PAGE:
Pastor and Christian TV presenter Miltan Danil explains how his faith journey began after being told the people he called mum and dad were really his grandparents.
It wasn’t long after his mother’s funeral that 15-year-old Miltan Danil was approached by two complete strangers who claimed to be his aunt and his actual mother.
This was just the beginning of a series of shocking revelations that shattered everything Miltan had believed about his family and propelled him down a road towards drug addiction.
Born into an Assyrian, nominally Christian family in Urmia, north-west Iran, Miltan was three years old and too young to understand what was happening when his parents divorced. He spent most of his childhood being brought up by his grandparents. But to him they were his mum and dad.
All this changed the day his mother re-entered Miltan’s life.
“One hot summer’s day, as I was walking along a street, a very nice car stopped in front of me. Two tall, beautiful ladies stepped out. ‘Do you know us?’ one of them asked me.
“I was very interested that she spoke Assyrian,” Miltan explains. “‘No’, I replied. But, without any introduction, she said, ‘I am your aunt and this’ – pointing to the woman next to her – ‘is your mum!’”
“I had a lot to process,” he explains. “The person I had known as father became my grandfather. The person I thought was my mother was really my grandmother. My eldest brother was really my father. And a woman who was a total stranger to me turned out to be my mother.”
The emotional storm that engulfed him was more than Miltan could handle. He started drinking and smoking and became a drummer to ‘pour out’ his anger on the drums. Along the way, he began mixing with drug users and, aged 17, began a ten-year addiction to heroin.
“I hated my parents,” he reflects, “because I felt that I was the victim of their broken relationship.”
Despite his inner turmoil, Miltan persevered with his education and graduated as a laboratory technician. It was around this time that Miltan heard about an Armenian Christian pastor. And what he heard made him furious.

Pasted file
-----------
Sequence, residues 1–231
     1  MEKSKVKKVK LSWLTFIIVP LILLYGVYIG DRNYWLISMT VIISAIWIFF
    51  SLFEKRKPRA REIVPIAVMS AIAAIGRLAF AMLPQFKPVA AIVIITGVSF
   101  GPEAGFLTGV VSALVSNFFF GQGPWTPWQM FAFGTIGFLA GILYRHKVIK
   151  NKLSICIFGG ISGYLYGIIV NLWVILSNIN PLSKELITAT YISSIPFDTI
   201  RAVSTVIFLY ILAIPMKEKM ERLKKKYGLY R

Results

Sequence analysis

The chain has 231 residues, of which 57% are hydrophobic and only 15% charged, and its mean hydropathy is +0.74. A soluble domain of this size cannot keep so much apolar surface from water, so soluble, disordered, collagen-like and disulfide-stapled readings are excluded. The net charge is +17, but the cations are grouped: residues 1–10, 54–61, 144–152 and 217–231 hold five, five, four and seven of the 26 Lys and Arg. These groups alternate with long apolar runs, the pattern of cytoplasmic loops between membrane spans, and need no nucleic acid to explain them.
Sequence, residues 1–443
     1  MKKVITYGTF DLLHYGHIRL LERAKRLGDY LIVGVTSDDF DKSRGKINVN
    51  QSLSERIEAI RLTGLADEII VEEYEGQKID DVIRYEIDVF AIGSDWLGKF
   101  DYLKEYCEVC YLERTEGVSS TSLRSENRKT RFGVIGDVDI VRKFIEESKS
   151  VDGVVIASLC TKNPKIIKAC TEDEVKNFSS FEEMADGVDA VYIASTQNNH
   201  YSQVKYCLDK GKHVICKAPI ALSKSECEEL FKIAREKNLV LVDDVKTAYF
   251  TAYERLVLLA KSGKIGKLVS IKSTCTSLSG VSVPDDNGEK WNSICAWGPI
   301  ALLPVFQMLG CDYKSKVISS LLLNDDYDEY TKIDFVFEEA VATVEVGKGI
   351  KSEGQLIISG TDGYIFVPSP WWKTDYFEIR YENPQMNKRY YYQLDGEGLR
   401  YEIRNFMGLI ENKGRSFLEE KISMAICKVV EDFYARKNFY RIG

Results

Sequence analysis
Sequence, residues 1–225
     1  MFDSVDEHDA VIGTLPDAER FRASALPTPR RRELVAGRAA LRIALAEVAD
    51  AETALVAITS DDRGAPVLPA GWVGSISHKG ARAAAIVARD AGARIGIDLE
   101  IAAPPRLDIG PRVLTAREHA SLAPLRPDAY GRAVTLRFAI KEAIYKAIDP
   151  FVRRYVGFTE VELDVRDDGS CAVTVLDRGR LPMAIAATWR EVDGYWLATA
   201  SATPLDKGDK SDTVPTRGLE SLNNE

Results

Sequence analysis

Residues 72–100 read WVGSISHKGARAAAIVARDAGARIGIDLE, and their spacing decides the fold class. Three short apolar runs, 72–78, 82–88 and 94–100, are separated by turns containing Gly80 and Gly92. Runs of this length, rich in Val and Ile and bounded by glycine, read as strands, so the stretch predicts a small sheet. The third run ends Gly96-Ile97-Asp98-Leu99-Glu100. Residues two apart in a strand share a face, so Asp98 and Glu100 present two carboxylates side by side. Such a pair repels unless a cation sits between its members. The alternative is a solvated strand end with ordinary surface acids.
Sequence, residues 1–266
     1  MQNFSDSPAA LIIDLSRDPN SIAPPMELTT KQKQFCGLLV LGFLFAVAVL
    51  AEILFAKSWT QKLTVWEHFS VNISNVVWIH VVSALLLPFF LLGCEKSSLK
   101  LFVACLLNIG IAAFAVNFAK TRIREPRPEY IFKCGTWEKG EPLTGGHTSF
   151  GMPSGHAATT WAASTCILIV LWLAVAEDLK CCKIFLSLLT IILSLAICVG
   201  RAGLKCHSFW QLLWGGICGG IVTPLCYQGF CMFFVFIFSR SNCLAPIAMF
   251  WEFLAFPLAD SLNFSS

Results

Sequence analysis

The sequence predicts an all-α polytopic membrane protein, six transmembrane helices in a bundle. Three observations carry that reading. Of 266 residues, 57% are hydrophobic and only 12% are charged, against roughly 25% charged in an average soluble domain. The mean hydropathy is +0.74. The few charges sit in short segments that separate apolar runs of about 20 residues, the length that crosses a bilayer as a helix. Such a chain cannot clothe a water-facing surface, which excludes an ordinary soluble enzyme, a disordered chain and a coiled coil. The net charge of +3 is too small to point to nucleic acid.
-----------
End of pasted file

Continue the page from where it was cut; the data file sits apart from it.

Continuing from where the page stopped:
As a proud Assyrian – one of the ethnic minorities allowed to practise their religion in the newly Islamised Iran – Miltan knew that Syriac and Armenian were the languages used by the Orthodox Churches of these two communities. Persian, on the other hand, was the language used by Iran’s Muslim population.
When Miltan heard of a Pentecostal pastor who was preaching in Persian, he saw this as a denial of the pastor’s ethnic Christian identity.
“I wanted to destroy this man,” Miltan says. He even got his gang to attack some of his property, including his car. At one time Miltan even thought of killing the pastor.
But his own inner conflict was overwhelming him. His heroin addiction and drug dealing made him homeless and landed him in prison several times. Despite drug rehabilitation treatments arranged by his father, nothing worked.
Then, one day, Miltan’s twelve-year-old stepbrother pointed a finger at him and said, “Miltan, Jesus can save and heal you.”
“What must I do?” Miltan asked him and was told, “You must come to our church.” “Which church?” he asked. “Brother Edward’s church,” he replied.
Miltan gives a wry smile: “Brother Edward was that Armenian pastor.”
Miltan found that the church had been waiting for him: “I didn’t know that he and the whole church had been praying for my salvation for one year.”
Their prayers and Miltan’s long search for peace of mind were answered together. “Aged 27, I was miraculously saved by the grace of God,” Miltan says. “From the moment I submitted my life into his hand, I promised to serve him with all my strength, talents and whatever he has given to me.”
Miltan married, and he and his wife, Shemiran, served the church in Iran for a number of years before eventually leaving for the UK. Today he pastors churches in London and Brighton. He broadcasts live on the Persian-language channel of Christian satellite channel SAT-7 twice a week, giving pastoral counsel and biblical answers to thousands of viewers.